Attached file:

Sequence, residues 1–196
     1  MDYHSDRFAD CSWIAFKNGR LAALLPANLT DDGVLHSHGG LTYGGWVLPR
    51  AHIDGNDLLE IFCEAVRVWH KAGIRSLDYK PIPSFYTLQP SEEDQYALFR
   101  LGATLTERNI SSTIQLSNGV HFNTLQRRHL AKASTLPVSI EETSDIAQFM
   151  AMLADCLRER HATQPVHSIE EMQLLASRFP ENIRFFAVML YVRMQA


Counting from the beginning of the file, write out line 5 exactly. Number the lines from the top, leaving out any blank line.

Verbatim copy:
   151  AMLADCLRER HATQPVHSIE EMQLLASRFP ENIRFFAVML YVRMQA